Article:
It spells curtains for flying chips

Posted on Written by David Shaw

41_curtains_01Manufacturer says its zip-together nylon panels take the risk out of paint removal and other boatyard jobs

In Greg Silver’s business, baking soda is king. He owns Southcoast Sodablast LLC, a soda-blasting company based in Westport, Mass., and he makes a living removing old antifouling paint from boat bottoms.

It’s a messy job. Care is required to contain spent soda-blast media and the toxic paint chips that fly off hulls, ensuring that no environmental regulations are violated and that contaminants don’t spread to neighboring boats or work areas.

Silver typically erected a plastic tent around the boats and laid additional plastic as ground cover. But when a breeze piped up, there was always a chance the tape holding the plastic against the hull would rip away, creating the need for a big cleanup. The risk increased when he was working on larger boats that required longer and wider sheets of plastic to make the tent.

“Soda blasting is a pretty dusty business, and all the dust will blow around the boatyard and get all over the surrounding boats if the plastic falls down,” Silver says.

Now Silver, 43, doesn’t worry when the wind kicks up. He ditched the plastic in favor of a simple yet innovative product called a Bad Dust curtain containment system — a series of ballistic nylon curtains with a fire-retardant coating that zip together to form a secure enclosure around the bottom of a boat. The curtains are tied to deck hardware or stanchions, which means they won’t unexpectedly come off.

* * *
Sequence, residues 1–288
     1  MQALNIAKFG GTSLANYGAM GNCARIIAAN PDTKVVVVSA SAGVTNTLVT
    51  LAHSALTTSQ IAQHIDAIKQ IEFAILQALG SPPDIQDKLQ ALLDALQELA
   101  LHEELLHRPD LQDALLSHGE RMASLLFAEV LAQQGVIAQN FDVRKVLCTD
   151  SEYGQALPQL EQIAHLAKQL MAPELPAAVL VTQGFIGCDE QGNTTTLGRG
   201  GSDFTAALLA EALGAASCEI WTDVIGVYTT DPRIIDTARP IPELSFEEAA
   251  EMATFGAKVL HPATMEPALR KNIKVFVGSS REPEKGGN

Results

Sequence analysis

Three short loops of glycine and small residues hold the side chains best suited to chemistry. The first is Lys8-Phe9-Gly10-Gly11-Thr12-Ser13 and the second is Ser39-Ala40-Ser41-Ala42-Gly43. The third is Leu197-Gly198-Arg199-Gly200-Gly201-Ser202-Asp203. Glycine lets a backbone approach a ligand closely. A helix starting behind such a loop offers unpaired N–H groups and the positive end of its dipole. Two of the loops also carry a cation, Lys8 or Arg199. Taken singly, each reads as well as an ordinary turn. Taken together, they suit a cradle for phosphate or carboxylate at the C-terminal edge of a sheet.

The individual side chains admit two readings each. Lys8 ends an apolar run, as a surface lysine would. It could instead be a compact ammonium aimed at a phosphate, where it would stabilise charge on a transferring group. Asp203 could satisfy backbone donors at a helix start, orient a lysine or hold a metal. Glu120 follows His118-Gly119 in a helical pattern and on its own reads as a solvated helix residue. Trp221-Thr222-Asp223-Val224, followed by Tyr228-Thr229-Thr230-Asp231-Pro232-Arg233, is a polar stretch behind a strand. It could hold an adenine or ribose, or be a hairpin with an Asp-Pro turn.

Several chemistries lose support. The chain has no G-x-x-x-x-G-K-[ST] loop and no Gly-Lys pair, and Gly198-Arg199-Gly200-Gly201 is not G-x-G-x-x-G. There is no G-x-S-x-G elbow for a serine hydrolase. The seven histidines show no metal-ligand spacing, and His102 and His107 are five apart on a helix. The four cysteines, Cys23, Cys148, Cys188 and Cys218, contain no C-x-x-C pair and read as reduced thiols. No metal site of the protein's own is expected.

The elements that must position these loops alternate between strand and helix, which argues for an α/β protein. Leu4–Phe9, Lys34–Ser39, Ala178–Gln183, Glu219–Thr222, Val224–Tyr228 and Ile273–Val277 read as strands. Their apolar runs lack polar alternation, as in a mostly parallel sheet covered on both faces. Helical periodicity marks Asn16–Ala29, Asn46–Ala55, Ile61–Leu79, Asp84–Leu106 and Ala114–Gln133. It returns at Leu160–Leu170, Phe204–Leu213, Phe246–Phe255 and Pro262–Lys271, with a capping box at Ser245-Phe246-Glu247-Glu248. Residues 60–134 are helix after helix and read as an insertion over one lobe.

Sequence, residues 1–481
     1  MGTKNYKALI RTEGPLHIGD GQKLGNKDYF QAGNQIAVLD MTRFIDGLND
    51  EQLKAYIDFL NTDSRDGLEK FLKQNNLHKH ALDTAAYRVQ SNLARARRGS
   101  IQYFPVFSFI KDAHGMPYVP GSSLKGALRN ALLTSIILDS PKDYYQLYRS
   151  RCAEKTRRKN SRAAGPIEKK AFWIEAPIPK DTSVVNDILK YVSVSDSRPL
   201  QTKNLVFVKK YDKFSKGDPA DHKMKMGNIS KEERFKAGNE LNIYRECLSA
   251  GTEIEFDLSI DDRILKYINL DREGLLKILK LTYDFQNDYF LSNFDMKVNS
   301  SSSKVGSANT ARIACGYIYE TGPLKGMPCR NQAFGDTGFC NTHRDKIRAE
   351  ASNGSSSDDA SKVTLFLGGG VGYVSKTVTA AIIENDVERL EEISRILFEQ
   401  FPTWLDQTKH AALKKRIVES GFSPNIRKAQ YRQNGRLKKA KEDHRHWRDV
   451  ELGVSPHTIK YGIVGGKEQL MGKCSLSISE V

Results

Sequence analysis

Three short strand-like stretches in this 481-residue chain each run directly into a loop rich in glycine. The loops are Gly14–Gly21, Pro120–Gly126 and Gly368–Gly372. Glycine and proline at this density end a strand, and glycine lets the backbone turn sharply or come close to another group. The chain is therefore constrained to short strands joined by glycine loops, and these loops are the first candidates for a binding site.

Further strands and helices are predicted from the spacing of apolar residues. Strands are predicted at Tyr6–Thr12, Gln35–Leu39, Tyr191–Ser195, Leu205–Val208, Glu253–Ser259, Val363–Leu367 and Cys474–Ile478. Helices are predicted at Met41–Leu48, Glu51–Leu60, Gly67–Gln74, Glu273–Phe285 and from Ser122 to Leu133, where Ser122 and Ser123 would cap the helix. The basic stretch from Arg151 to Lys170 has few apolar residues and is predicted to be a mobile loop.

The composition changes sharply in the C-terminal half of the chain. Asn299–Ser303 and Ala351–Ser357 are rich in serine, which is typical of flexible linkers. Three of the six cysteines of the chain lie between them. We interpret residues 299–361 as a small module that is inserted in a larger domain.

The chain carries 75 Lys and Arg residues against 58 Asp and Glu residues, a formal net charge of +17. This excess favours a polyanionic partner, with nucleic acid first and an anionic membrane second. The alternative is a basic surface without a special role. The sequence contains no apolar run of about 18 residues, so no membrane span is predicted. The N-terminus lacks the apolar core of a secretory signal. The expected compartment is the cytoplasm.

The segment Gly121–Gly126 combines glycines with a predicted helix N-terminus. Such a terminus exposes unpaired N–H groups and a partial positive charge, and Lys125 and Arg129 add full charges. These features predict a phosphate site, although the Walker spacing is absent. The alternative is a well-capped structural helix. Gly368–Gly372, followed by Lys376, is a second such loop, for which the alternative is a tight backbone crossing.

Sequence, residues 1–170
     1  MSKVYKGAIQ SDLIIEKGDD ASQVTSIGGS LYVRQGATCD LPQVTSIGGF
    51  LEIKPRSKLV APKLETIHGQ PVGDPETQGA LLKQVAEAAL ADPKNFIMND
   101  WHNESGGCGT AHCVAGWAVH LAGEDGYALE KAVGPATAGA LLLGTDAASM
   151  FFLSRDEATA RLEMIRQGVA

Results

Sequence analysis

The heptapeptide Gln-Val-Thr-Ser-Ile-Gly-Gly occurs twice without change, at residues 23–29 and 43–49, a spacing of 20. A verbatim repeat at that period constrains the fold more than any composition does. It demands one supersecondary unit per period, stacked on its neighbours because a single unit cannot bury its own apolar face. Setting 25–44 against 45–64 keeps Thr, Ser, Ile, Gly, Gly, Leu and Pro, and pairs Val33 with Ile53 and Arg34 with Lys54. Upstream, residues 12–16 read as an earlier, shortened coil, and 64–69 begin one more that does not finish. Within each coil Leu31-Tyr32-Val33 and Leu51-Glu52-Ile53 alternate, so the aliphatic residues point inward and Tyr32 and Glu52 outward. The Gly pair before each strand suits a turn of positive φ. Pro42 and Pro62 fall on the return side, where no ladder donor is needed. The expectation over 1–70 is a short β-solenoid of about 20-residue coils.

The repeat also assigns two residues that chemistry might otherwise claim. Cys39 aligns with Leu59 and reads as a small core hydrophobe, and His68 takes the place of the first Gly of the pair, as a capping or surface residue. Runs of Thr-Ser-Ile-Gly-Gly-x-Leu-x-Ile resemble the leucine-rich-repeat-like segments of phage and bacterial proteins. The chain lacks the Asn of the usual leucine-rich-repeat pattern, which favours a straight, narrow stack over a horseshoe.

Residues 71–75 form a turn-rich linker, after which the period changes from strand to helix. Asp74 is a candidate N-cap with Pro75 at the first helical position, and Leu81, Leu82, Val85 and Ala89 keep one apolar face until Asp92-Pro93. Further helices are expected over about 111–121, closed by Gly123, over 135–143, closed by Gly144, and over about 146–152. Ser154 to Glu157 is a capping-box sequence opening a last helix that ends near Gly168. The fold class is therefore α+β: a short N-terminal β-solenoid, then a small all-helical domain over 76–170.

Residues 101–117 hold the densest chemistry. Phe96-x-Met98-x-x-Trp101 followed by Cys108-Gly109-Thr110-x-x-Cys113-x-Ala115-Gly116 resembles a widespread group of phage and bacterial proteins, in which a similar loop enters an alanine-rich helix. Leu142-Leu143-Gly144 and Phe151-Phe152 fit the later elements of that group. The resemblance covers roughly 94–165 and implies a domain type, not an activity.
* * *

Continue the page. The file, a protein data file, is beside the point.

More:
“It eases my mind a bit when I’m doing a large boat and it gets windy,” Silver says. “I’m not worried about the plastic blowing down.”

Bad Dust enclosures aren’t simply fabric alternatives to plastic tenting. Technically they’re a positive pressurized-containment system that eliminates the need to build a wooden frame to create room in a sealed work area that will contain dust within the enclosure or keep dust from entering it when painting or varnishing. Here’s how Bad Dust enclosures work.

41_curtains_02The curtain panels are zipped together to cover the length of the boat, adding or subtracting panels for any given boat size from 10 feet to more than 200 feet. The curtain ties are adjusted to the proper height to ensure that the sealing flap on the underside of the curtain is aligned just above the waterline. The bottoms of the curtains are secured under the jack stands or are rolled and clamped to the plastic ground covering. The sealing flap is then taped along the waterline to make an airtight enclosure.